Explain how it went wrong?

Discussion in 'Options' started by res123, May 12, 2018.

  1. res123


    Hi All-

    This morning, to my horror, I find a total of 100 shares of AAPL stock is sold short. I never triggered this transaction as I am long/Bullish on AAPL.

    I noticed that I am only seeing an open long call option, which was supposed to be a credit call spread on AAPL. I owned some shares of AAPL (less than 100), not only am I seeing the stock I owned as sold, but an additional stock sold amounting to a total of 100.

    I am new to option trading, mostly sticking to selling options and rolling up and down the spreads of the iron condor. What could this be? Did I get assigned? How do I rectify this, as I do not want my stock sold and certainly don't want to be short stock? Any suggestions?
  2. From your statement, the order you placed may have been the one you intended, but failed to consider the risk of your short leg being assigned! -- This is more serious, and may suggest you are making trades without understanding what you are doing (the risks of each trade). You may wish to cover your short positions ASAP to protect you from a possible move up on the AAPL next week. (Review the strike of your short leg for your order and compare with price range on day of assignment -- also note that yesterday was x-dividend day for aapl that you may have failed to consider with your original order)
    spindr0 likes this.
    • A few weeks ago you sold a 185/190 credit call spread - OTM at the time.
    • AAPL closed at $188.59 on expiry day.
    • ITM short 185 calls auto exercised - 100 AAPL shares sold at $185.00.
    • OTM long 190 calls expired worthless.

    Monday morning buy 100 AAPL shares.
  3. lindq


    Failing to understand all the risk parameters of a position is, IMO, the leading cause of complete meltdowns by many new traders.

    That's a lesson I learned the hard way many years ago.

    A trader should never, ever, open a position until completely clear on all the risks through a full range of possible scenarios. Because anything that can go wrong, very possibly will go wrong.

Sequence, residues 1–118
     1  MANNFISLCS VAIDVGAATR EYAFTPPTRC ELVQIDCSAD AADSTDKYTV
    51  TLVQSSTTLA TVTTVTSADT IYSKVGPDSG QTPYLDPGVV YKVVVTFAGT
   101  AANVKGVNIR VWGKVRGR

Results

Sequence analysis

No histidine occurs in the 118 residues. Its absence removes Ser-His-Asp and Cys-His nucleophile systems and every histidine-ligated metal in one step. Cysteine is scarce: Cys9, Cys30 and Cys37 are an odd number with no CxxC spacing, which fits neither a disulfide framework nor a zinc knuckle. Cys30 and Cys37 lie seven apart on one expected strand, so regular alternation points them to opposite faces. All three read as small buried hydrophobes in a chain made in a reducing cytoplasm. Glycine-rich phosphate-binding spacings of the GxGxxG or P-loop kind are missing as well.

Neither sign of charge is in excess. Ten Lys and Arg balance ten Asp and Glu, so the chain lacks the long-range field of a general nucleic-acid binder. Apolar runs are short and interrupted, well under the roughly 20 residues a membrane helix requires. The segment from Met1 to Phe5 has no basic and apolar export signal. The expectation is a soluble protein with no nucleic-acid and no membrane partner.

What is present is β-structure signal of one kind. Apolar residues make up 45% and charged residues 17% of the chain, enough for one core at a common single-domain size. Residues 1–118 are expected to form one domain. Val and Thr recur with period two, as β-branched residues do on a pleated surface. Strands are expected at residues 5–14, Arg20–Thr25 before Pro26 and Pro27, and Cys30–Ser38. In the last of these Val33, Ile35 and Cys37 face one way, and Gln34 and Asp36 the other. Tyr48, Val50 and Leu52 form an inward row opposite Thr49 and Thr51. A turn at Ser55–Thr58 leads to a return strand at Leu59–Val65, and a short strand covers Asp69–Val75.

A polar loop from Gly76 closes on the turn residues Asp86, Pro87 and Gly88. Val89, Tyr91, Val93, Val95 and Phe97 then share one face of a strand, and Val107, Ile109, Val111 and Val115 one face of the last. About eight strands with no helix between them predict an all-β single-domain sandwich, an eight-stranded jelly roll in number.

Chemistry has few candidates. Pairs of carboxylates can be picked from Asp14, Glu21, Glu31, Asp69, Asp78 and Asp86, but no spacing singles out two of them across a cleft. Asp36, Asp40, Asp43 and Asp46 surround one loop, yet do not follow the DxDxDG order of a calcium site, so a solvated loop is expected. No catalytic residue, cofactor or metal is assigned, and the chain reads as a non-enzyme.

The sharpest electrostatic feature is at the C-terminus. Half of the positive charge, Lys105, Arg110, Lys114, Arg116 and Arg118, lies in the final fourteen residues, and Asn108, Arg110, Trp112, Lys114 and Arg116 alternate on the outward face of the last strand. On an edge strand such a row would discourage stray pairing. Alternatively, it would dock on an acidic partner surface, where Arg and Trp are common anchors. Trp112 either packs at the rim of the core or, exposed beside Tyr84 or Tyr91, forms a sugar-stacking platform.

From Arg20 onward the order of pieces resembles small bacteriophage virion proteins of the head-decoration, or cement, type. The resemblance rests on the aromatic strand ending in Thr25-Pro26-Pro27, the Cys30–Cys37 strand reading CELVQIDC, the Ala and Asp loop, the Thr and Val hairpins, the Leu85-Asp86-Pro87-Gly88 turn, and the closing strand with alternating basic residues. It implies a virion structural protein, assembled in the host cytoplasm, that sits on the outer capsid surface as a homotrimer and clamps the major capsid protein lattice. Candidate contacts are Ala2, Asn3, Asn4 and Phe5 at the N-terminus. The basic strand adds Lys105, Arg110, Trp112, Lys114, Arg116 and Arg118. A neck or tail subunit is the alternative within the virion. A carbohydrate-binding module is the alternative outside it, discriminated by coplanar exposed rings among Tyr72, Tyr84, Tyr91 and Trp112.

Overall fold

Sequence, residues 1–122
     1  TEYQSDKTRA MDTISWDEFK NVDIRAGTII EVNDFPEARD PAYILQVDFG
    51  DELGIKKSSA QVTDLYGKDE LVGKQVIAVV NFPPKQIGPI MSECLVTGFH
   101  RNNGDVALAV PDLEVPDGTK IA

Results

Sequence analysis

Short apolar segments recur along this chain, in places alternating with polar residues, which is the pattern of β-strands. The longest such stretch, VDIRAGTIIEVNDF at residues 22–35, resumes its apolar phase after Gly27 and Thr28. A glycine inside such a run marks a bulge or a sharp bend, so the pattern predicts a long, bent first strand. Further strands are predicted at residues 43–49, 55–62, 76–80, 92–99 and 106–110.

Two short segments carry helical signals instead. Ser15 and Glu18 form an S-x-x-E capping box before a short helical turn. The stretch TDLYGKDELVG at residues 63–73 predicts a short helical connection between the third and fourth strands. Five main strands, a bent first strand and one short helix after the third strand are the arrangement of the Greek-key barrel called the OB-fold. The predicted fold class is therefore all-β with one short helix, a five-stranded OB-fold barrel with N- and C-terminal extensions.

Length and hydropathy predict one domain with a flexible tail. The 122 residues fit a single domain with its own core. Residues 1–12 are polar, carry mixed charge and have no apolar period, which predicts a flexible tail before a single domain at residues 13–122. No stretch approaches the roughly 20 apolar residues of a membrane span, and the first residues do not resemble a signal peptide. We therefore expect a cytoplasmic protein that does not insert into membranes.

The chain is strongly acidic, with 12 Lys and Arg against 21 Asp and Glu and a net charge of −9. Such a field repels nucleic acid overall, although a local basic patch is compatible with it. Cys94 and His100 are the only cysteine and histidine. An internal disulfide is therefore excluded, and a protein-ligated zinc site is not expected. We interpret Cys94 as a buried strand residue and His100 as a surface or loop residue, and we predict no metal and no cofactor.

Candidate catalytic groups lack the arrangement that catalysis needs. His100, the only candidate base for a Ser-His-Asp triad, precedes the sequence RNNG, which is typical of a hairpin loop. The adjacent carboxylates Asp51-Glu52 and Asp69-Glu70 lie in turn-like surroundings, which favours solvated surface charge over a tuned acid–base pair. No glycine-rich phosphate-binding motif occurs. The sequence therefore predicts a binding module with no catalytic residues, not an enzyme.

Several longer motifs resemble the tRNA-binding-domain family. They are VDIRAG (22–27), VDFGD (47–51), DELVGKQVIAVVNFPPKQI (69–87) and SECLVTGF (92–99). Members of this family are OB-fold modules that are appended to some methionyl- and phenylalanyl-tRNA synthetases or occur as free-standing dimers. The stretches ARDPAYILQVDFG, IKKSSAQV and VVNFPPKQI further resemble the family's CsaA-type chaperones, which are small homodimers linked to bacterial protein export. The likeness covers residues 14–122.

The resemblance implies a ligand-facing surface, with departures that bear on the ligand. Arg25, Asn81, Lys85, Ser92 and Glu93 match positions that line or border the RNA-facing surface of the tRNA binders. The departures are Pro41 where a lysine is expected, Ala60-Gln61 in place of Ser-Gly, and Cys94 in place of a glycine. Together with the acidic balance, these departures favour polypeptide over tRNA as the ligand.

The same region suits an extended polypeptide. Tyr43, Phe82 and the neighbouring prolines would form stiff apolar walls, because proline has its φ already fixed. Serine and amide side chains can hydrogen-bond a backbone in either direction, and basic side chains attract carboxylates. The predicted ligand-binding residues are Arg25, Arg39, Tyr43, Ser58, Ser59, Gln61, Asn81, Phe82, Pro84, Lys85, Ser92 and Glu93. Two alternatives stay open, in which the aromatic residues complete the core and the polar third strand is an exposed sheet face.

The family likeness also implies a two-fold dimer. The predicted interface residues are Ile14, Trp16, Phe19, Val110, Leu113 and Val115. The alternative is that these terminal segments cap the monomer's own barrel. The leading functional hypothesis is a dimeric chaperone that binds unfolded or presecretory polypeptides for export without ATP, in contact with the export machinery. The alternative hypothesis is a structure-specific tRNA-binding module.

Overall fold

DeltaRisk, spindr0 and comagnum like this.
  4. Pin for the win!

    That's like the greatest thing that can happen to you when you're short premium. Buy the shares, short the call again, and collect a second round of premium.

    That said, I think you're confused. A credit call spread is a bearish position, not a bullish one.

    So, you're either unclear on your position, the expiry, or you're looking a gift horse in the mouth. Perhaps some more details (the specific position, including expiration and strikes) would help us figure out which?
    • He also had a short put spread
    • Short iron condor = Neutral
    • Plus the AAPL shares = Bullish/Neutral
  5. Did he? I didn't read that anywhere.

  7. @OptionsOptionsOptions, I read that, but my inference was that he would have specified IC instead of credit call spread if that's what it was.

    Really a moot point though...we still need to know the details of the trade. We still don't know of this was a diagonal or vertical, and if this was auto exercise or early assignment...but being that he's got an open long call, and he hasn't specified it's not a vertical, it sounds like early assignment, which is a good thing regardless if he's bullish. The recent run and ex-div support the case for early exercise.

    Edit: oh, just realized if they're deep ITM calls, he may have left the div on the table which probably offsets the premium gain.

    • I think that long call (190+) expired worthless OTM on Friday.
    • Since it wasn't sold-to-close it still shows up in his account - and should disappear in a couple of days.
    #10     May 12, 2018